There are two ways to go through a private adoption: through a private agency or independently. If you use a private agency to adopt, you can expect that agency will charge a fee of anywhere from about $5,000 to $40,000, which will cover the costs of the home study, counseling for the birth parent, adoptive parent training, and social work services. Private agencies will sometimes offer a sliding scale of fees, dependent on the adoptive parents’ income.

Independent adoption is when adoptive parents locate a birth parent on their own, and use an adoption lawyer to facilitate all of the necessary paperwork. Costs for an independent private adoption can include everything from advertising (to find a birth parent) to allowable medical expenses for the birth mother to legal fees. The laws of your state may prohibit or cap some of these expenses, as laws differ from state to state. Independent adoptions can cost between $8,000 and $40,000, although the average cost is between $10,000 and $15,000.

Independent adoption costs can fluctuate much more than those through a private agency, and adoptive parents may not have their costs reimbursed in the case of a birth mother changing her mind.

Inter-Country Adoption Costs

Adopting a child from another country adds more complexity to the paperwork you need to do in order to bring your child home. International adoption agencies generally charge fees of approximately $15,000 to $30,000, although many international agencies also offer sliding fee scales.

Related podcast: “I started a freelance photography business to help fund my international adoption.”

The costs of inter-country adoptions can include immigration processing and court costs, a required donation to the foreign orphanage, parent travel expenses, translation fees, foreign legal fees, foreign agency fees, passport fees, and sometimes medical and foster care of the child.

The Bottom Line

There are several programs available for adoptive parents to help defray these costs, but any parent looking into adoption should expect to write some fairly big checks before the adoption process is complete.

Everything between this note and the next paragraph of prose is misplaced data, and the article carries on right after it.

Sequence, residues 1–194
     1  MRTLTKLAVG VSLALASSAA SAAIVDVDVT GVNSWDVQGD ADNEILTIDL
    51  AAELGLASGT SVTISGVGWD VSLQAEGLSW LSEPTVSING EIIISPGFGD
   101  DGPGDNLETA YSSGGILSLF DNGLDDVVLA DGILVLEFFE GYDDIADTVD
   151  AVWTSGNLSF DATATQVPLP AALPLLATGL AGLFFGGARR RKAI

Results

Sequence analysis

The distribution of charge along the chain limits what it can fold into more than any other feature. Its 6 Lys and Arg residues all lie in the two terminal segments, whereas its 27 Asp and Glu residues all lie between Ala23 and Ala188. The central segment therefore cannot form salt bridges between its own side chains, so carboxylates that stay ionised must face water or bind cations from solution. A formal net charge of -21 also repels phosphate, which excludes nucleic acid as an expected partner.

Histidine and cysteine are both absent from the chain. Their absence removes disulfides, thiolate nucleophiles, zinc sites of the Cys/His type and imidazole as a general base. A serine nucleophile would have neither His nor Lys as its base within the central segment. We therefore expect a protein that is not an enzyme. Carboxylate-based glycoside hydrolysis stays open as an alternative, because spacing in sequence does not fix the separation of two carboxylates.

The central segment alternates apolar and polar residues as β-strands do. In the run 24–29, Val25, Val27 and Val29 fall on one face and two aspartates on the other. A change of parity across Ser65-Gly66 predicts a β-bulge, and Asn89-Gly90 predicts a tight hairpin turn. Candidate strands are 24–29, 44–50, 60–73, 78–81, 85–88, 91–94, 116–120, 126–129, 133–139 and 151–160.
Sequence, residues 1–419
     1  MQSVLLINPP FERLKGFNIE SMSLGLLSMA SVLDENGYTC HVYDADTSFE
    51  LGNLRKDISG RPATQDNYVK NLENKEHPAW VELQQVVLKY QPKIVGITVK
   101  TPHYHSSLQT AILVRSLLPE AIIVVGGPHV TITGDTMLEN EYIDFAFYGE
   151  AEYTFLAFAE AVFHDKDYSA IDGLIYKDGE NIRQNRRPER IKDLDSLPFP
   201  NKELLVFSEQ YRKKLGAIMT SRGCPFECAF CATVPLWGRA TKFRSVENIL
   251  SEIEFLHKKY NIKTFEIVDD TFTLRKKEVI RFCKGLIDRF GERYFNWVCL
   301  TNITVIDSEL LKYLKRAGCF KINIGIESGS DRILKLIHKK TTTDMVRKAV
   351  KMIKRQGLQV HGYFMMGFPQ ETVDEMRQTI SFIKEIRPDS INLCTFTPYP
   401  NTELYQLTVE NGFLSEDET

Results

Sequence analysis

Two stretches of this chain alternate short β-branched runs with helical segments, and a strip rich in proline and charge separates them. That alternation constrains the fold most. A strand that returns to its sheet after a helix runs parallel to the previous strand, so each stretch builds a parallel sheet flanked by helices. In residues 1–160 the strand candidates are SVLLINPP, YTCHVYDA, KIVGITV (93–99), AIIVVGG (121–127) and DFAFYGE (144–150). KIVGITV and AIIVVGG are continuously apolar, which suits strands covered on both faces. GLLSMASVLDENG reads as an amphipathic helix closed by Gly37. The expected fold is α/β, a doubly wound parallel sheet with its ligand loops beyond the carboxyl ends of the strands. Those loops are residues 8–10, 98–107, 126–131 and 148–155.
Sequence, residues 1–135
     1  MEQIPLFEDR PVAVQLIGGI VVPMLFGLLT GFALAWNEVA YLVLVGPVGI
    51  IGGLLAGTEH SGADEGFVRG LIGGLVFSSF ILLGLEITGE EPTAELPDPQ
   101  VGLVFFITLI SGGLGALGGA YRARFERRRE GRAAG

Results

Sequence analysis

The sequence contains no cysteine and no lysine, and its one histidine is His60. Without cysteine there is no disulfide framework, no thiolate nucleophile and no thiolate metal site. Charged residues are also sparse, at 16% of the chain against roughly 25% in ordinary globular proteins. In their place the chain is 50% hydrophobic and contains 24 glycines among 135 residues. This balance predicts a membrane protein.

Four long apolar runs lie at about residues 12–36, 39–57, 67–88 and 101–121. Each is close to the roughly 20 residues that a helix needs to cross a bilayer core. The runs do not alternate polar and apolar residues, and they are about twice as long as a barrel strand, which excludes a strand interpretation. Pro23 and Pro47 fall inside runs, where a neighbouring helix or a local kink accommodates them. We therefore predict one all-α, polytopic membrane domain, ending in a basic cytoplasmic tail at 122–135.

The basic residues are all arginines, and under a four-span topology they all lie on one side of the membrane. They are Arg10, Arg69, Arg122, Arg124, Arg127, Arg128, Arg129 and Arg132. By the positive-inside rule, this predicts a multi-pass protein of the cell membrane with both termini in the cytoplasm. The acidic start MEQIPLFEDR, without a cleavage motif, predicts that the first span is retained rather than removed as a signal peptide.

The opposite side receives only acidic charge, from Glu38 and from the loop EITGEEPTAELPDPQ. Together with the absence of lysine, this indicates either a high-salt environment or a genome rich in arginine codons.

It’s a frustrating fact of life that adoption is expensive. But every parent I know would say that holding their child for the first time was a priceless experience.

Photo Credit: International Social Services/National Archives, College Park, MD

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Last Edited: December 4, 2012 @ 3:56 pm
About Emily Guy Birken

Emily Guy Birken is a former English teacher, and an excellent freelance writer. She's also a stay-at-home-mom. She resides in Lafayette, IN, with her engineer husband and son. Emily's thoughts on parenting and life in general are found at The SAHMnambulist.

1 comments
Donsimko
Donsimko

True that adoption is not inexpensive. My wife and I adopted our four out of foster care with only $1,200 fees for all 4. We had 2 boys as guardians come to our home in their teens. We're raising our granddaughter which we did not count on doing ... as increasing numbers of grandparents are doing these days.There's been a large cost of time as well as materials, using a business term.

Prospective adoptive families should indeed consider the financial angle but also they may be the only chance that child has at a family life. That's why churches and community organizations should respond to those who want to adopt children and find ways they can help. This is especially true for special needs children. For children who are not adopted, the state ends up paying through group homes. But the work that children truly need done is accomplished in the family setting.